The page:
This book explores the history and nature of our dependency on other animals and the implications of this for human and animal health. Writing from an historical and sociological perspective, Joanna Swabe's work discusses such issues as:
* animal domestication
* the consequences of human exploitation of other animals, including links between human and animal disease
* the rise of a veterinary regime, designed to protect humans and animals alike
* implications of intensive farming practices, pet-keeping and recent biotechnological developments.
This account spans a period of some ten thousand years, and raises important questions about the increasing intensification of animal use for both animal and human health.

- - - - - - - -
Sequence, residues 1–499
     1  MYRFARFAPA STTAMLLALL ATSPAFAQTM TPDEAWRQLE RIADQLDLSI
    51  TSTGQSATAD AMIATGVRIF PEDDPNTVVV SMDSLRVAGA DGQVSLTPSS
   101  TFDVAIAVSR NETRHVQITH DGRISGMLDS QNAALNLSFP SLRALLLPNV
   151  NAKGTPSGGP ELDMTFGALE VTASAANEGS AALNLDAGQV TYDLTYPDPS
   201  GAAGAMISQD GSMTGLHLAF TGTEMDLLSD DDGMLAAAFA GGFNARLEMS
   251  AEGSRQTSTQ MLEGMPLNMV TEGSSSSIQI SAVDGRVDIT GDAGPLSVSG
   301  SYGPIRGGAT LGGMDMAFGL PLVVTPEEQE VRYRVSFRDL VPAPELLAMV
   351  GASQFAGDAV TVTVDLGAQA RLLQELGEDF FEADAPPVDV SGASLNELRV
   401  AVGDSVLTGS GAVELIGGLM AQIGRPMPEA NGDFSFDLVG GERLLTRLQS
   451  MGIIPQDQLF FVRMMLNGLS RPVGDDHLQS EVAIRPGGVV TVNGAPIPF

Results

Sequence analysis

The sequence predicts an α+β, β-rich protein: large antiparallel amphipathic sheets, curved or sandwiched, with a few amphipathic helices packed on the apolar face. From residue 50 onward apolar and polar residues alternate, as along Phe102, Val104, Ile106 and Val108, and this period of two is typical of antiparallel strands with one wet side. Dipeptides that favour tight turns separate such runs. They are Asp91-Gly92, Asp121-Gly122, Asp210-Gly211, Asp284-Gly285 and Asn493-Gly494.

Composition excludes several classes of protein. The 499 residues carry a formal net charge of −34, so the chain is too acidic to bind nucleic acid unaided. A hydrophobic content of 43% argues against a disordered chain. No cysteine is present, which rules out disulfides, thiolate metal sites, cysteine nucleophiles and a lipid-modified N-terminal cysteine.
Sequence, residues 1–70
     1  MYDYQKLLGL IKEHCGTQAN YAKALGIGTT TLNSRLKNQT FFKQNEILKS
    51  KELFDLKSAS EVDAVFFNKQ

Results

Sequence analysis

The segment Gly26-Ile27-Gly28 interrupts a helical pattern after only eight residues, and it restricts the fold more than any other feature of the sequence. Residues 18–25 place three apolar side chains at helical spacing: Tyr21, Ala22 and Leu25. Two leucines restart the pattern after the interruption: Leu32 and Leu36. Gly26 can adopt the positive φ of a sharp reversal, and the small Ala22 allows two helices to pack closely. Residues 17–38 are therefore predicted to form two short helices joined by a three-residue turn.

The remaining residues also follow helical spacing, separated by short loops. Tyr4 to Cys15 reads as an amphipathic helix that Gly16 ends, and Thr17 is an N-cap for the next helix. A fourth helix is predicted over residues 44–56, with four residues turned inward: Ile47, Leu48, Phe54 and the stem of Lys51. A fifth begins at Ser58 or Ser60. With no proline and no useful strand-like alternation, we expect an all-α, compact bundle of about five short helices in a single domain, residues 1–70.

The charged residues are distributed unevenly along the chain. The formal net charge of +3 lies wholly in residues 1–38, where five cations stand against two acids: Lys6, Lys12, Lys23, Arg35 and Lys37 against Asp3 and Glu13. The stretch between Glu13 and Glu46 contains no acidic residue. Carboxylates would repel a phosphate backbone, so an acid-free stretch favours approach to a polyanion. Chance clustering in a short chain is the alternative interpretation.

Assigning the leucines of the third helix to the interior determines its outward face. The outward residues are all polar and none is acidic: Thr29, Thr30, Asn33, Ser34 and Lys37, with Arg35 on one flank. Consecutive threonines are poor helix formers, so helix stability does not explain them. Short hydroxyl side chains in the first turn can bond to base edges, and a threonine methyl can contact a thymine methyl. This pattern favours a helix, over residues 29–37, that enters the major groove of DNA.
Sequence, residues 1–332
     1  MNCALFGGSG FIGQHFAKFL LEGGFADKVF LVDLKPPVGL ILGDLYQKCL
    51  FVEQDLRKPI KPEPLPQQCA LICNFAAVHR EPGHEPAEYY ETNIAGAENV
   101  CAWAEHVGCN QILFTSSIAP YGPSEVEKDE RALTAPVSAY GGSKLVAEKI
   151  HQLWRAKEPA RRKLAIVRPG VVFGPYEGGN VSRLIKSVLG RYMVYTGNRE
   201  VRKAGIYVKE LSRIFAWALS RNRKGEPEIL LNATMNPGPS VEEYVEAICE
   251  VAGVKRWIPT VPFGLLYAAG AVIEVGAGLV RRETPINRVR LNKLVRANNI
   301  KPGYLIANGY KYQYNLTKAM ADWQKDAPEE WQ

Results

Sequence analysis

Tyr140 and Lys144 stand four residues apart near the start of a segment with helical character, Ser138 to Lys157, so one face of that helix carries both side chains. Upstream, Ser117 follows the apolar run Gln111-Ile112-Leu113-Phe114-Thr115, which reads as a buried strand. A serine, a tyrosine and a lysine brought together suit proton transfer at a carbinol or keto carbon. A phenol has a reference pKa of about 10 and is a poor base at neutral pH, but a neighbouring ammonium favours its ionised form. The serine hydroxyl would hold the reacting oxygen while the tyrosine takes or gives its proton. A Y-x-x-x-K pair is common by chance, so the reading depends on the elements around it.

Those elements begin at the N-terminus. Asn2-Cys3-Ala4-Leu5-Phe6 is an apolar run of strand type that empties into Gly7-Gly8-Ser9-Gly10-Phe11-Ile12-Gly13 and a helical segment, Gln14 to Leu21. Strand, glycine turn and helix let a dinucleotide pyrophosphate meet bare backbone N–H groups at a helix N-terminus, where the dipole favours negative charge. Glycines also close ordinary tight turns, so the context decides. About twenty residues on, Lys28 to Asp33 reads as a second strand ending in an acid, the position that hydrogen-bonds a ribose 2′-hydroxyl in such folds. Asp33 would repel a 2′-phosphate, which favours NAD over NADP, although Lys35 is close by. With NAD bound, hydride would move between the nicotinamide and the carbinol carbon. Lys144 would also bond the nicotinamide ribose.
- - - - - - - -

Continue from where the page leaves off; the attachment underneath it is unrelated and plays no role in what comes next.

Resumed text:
'Joanna Swabe's book is one of the first works to examine human-animal relations from a historical and social perspective for some years … an astoundingly broad work.' - Richard Hankins, University of Liverpool'
Acknowledgements 1. Introduction 2. Domestication, Dependency and Disease 3. Animals, Disease and Human Social Life: From Ancient Times to the Early Modern Period 4. The Unfolding Veterinary Regime 5. The Intensification of Livestock Production and the Veterinary Regime during the Twentieth Century 6. Pandering to Pets: Pet-keeping and the Emergence of Small Animal Practice 7. Epilogue. Appendix.